Best answer: SuperSquirrel, that'll be Human Bingo you've got there.

There's some previous threads.
posted by Helga-woo at 9:27 AM on June 6, 2008

Ask each person to write down two true things about themselves and one lie. Initially divide people into small groups of about 5 or 6 and have each person read these out to the others. People must try to guess which one is the lie. The person in each group who is most successful in passing off their lie is the winner for that group. You can then collect together the best liars from each group to face the same judgement in front of the entire audience. Hence you can pick an overall winner. This seems to work pretty well irrespective of whether people know each other or not.
posted by rongorongo at 9:37 AM on June 6, 2008

Write names of famous people on sticky notes and place one on the back of each person without showing them the name. Individuals can then mix and ask each other questions (answerable by yes or no) to try to determine their identity. This works well because you get all the body language/chemistry interactions with people without having to concentrate on personal information.
posted by weapons-grade pandemonium at 10:03 AM on June 6, 2008

Response by poster: Thanks to all! Helga-woo gets the best answer for linking to the previous threads that my searching was unable to turn up, but you've all gone beyond that with some great ideas.

If there were some sort of indication of the number of best answers a person has had, I'd mark you all to pump up your stats. As it stands, I hope a thanks will suffice.
posted by SpiffyRob at 10:18 AM on June 6, 2008

Yeah, I'd second Human Bingo. Coincidentally, my office (very similar to yours) had a retreat just yesterday, and at our previous one we used Human Bingo very successfully. (Better, I think, than the one we did yesterday :P) It was fun without being too personal, but it was still more interesting than Two truths and a Lie, which often ends up being a little lame and obvious.
posted by Madamina at 10:28 AM on June 6, 2008

My mom works for a non-profit, and she has to go to these kinds of meetings all.the.time. She was just complaining yesterday about how these games are annoying and everyone feels awkward doing them (Although these kind of party games are normally up her alley). She told me that the best one she ever did involved a group of about 20 people, and the leader just asked everyone to talk about a book they'd been reading lately and what they thought about it. My mom said that it was really nice because you got to feel like to heard something interesting and personal from each person, no one felt awkward, and you got some nice book recommendations.
posted by nuclear_soup at 8:35 AM on June 7, 2008

I'm with nuclear_soup's mom: these exercises are almost universally awful. They are infantilizing and make everyone feel ridiculous. In fact, the only way that they have ever helped to bond me with my fellow event-goers is when we bonded over how stupid it was that we spent time that otherwise could have been productive work time on such nonsense. I have never learned anything that I wanted to know about a fellow event-goer from such an exercise.

Your goal is to make it so that people who don't know one another well are chatting with one another in a way that makes them comfortable interacting professionally with one another throughout the day. You don't want anyone embarrassed, you don't want anyone resenting you, you don't want anyone bored, and you want everyone ready to work when the activity is over. Asking people to pretend to be their favorite movie character for 10 minutes accomplishes exactly none of those things.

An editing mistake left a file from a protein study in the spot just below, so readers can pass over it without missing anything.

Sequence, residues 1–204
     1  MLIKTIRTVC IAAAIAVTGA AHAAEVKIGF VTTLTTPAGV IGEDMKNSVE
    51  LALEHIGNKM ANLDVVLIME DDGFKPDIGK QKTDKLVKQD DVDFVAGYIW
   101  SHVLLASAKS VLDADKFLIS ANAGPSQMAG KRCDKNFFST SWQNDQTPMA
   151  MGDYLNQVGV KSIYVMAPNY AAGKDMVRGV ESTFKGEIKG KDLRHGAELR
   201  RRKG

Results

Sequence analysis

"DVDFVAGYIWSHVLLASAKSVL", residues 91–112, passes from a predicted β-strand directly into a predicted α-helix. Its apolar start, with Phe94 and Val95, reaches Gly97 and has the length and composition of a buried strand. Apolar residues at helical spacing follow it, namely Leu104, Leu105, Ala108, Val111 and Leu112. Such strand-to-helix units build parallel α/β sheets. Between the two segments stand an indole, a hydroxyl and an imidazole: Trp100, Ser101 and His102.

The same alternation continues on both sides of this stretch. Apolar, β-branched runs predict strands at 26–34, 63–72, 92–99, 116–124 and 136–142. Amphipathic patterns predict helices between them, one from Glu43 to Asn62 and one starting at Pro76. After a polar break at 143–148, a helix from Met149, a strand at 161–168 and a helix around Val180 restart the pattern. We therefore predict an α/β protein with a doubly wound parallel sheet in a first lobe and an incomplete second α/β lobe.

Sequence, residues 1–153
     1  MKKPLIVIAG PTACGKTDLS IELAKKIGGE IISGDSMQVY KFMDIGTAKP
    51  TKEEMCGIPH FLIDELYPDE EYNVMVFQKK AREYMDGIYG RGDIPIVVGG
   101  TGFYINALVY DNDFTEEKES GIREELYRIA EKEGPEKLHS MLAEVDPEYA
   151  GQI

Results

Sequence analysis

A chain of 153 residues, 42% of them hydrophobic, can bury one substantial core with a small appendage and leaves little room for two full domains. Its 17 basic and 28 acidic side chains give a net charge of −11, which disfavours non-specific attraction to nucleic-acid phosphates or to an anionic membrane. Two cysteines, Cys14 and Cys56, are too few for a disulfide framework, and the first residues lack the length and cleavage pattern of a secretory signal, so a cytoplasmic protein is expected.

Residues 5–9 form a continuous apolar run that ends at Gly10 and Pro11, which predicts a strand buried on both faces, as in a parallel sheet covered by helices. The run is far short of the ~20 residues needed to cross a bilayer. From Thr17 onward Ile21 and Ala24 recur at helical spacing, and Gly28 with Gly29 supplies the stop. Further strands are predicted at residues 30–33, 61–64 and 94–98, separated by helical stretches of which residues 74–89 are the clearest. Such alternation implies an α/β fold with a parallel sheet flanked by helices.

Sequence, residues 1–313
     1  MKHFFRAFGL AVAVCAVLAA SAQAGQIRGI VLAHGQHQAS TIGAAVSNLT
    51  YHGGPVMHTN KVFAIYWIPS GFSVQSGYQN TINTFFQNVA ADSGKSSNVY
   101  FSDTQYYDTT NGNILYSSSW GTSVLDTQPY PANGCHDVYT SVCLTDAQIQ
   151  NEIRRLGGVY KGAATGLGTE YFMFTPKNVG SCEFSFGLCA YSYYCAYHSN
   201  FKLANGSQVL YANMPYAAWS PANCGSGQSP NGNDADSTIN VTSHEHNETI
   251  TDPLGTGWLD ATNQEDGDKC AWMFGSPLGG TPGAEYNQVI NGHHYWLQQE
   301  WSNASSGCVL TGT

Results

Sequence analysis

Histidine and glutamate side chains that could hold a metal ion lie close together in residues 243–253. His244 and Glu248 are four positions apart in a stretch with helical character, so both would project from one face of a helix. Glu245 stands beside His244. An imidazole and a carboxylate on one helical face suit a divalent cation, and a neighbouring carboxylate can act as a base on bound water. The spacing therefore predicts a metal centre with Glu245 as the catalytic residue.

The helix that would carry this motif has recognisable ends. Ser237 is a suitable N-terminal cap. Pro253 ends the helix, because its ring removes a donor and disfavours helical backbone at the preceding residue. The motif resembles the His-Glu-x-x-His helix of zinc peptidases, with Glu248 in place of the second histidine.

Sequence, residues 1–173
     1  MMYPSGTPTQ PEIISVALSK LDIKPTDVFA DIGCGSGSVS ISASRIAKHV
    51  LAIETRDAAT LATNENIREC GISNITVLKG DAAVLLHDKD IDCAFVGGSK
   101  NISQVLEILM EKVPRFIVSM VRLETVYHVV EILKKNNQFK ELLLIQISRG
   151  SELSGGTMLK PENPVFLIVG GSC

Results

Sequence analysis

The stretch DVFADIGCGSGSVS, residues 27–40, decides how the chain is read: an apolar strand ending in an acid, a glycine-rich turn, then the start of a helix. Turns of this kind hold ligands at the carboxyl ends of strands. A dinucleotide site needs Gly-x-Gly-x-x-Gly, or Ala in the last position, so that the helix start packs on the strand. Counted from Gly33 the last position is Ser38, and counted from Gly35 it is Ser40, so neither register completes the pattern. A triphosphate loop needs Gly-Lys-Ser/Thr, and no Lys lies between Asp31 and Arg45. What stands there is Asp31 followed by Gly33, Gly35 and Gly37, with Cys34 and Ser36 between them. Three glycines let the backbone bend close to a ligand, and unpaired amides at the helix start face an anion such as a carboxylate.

I may be unusually jaded, but I believe that I speak for, at the very least, a large minority, and possibly even the majority of people, when I say that people can't stand these games. They would rather just work. I hate sitting in a circle and repeat all of the names of the people who came before me. I hate writing down three adjectives to describe myself, putting them on a sticker on my chest, and then finding other people who share my adjectives. And, although I'm sure the answerers in this thread have only the best intentions, I also loathe with a fiery passion Human Bingo and matching people their baby pictures. The game where you try to figure out what identity you've been assigned based on how others answer your questions? That's a plot from an episode of The Office. This does not bode well for implementing that activity in real life.

The best "activities" are not activities at all. Just go around the room and ask everyone to introduce themselves in 3-4 sentences. Or ask a specific question of the sort that you might ask a new acquaintance if you were meeting her/him one-on-one. That's why the "read any good books lately?" exercise works. Because it's a natural question for people to answer. You could ask everyone to say what their favorite movie is and why they like it, if you suspect you're not dealing with a big book crowd. But the point is to make it a natural question that you might ask a real person. You would never ask a new friend to tell you two true things and one falsehood about herself so that you could guess which one was the lie, would you? So don't ask a room full of adults to do that to one another.
posted by decathecting at 2:16 AM on June 8, 2008

Having recommended 'Two Truths and a Lie' up-thread I do find myself agreeing with decathecting about how irksome these exercises can be. As an organiser I think you might want to start by asking why you want to accelerate the process by which people find out about each other above the rate at which it would occur organically. Sometimes there is a very good reason for wanting to do this: for example I have been through this when bringing together a large yacht crew together for the first time; right from the outset, in this situation, there is a danger associated with people not knowing each other's names. More often, however, I have seen this technique used at events where a number of groups who work under the same senior manager are brought together. In cases where the different group members do not already know each other and are unlikely to need to work closely with each other in the future the process can seem to be more about gratifying the senior manager's ego.
posted by rongorongo at 8:39 AM on June 8, 2008